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    Thanks. If the writing is sound, and all the samples so far indicate this, it will be perfectly good for me. For me the fun is to figure out how things work, it doesn't matter whether that is in strategic battles or whether I have to piece together the lore from different events. Well constructed is probably the key term here. I am merely feeding you pieces to probe the foundation, in the hope that gives you the opportunity to make the foundation and logic sound. Question it. You could say to challenge it in a constructive way, and to reveal what matters most. It's a proven method from my scientific work, to check a premise against external frames of reference, different minds mostly. Seeing things from different points of view.

    I hope that FG will be a game that lets people experience how much fun it is to figure things out. Isn't that the spirit of King of Dragon Pass? And with your signature writing it potentially can be a grand experience.

    I look forward to your next update.
     
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  7. MRY Prestigious Gentleman Wormwood Studios Developer

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    I do hope that figuring stuff out will be a lot of the fun.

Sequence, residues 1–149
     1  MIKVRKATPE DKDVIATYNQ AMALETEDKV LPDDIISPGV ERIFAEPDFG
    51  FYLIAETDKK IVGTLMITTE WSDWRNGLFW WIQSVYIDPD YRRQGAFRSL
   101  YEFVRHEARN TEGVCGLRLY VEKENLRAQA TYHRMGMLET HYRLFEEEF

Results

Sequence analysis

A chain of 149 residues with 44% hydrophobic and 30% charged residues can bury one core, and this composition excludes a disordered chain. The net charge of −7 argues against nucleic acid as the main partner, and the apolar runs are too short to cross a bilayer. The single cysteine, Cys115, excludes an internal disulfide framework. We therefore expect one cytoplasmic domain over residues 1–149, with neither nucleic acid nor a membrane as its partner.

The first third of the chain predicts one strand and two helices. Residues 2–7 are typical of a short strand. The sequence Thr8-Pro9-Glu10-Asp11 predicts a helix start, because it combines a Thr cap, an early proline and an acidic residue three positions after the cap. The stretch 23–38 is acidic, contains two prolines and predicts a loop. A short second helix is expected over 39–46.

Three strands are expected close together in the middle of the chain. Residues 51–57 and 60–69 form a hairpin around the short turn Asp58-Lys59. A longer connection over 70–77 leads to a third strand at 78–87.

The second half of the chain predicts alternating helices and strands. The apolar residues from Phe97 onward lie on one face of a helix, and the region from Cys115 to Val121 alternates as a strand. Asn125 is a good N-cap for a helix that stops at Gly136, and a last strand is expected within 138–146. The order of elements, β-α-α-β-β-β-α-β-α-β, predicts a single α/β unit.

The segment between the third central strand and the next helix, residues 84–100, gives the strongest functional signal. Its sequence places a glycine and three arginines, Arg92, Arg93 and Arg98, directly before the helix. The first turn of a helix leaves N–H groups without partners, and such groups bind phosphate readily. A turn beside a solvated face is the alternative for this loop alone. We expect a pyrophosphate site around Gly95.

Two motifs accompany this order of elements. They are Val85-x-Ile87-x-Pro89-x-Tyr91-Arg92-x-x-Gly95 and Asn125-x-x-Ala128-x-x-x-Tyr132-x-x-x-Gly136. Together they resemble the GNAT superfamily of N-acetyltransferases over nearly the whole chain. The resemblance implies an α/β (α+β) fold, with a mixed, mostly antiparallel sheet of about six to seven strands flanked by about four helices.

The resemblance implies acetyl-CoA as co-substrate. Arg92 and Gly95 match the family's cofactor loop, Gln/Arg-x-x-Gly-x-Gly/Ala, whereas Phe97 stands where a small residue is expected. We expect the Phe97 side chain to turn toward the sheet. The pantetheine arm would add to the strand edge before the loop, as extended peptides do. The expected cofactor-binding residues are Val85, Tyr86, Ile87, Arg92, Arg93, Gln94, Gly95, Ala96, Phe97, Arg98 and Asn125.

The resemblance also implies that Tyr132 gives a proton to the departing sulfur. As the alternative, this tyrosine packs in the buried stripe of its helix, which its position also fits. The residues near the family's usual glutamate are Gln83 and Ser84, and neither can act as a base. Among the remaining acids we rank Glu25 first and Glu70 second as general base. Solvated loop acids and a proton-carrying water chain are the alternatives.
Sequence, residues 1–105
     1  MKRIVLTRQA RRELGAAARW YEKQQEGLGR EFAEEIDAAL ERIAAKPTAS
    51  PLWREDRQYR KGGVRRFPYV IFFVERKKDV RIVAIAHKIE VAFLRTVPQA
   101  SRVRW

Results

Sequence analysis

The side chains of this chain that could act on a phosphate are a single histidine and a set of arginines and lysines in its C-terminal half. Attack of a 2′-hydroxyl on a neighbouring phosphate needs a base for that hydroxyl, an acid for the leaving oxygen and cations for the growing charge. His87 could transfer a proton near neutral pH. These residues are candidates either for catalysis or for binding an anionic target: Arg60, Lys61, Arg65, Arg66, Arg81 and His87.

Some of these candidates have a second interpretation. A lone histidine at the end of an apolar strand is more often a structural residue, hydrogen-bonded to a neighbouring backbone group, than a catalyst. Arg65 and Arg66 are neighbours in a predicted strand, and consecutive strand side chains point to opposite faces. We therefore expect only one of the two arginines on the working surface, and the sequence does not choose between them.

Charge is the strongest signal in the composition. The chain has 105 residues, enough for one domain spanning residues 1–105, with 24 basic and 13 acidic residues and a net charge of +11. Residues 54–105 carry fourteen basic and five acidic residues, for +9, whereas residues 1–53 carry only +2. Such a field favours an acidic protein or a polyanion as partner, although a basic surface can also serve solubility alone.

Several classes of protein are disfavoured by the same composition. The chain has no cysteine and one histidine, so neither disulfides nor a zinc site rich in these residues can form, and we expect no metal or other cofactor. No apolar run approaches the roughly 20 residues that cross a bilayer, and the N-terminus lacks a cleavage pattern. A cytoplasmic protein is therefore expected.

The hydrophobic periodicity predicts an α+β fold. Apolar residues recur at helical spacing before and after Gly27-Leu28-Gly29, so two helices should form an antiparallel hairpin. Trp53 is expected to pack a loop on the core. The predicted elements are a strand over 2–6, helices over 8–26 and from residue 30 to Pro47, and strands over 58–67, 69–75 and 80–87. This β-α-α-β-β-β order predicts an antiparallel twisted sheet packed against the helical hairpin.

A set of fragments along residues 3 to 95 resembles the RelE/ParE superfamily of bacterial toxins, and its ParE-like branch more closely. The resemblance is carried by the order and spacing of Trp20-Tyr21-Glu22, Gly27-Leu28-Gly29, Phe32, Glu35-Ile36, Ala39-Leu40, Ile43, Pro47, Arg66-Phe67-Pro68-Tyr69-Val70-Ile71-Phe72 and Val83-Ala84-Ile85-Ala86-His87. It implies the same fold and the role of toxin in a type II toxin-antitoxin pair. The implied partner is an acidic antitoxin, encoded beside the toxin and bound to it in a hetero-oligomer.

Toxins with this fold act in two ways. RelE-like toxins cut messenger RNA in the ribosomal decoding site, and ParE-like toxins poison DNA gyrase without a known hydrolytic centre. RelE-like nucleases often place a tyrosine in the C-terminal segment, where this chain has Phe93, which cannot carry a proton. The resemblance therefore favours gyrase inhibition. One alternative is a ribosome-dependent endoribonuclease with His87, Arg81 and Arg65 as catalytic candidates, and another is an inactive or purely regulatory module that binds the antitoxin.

It's hard to really explain (or even to confidently assert) how event branching works in FG versus in other games. IMO, one of the flaws of KoDP is that the skillchecks and outcomes are sufficiently ambiguous that while you might encounter different events every playthrough, and perhaps take different high-level strategic/cultural approaches, it did not feel to me like the paths were really different. It felt more like a deck of cards was shuffled, I saw different cards every time, but the cards were what they were.

    With FG, our events are quite shallow -- some are no more than two nodes deep (i.e., Problem->Outcome, with the -> being the choice you make), and I don't think any are more than four or maybe five nodes deep. There are extremely few multi-event arcs (in fact, none are currently implemented, though a couple are outlined). So this compares very unfavorably in my opinion to either, say, TTON meres/AOD vignettes (in terms of depth) or KoDP arcs (in terms of number of interlinked events). Further, as a design limitation no event node can offer more than six choices available at any given time (occasionally we have cheated to squeeze in a seventh by having two options exclude each other, even when they would not logically do so), which compares unfavorably to robust branching dialogue.

    Where I think we compare well, though, is that we have tried to make every item, follower, skill, and fetch usable in interesting ways in many events. Since every game your loadout will be somewhat different, that means that even when you encounter the same event, you will almost certainly have a new path through it that you haven't seen before. A player with (1) a witch, the lur, and soul-fire; (2) a skald, a wurmskin cloak, and death lore; or (3) a berserk, the bow of bones, and wild heart will have pretty different experiences.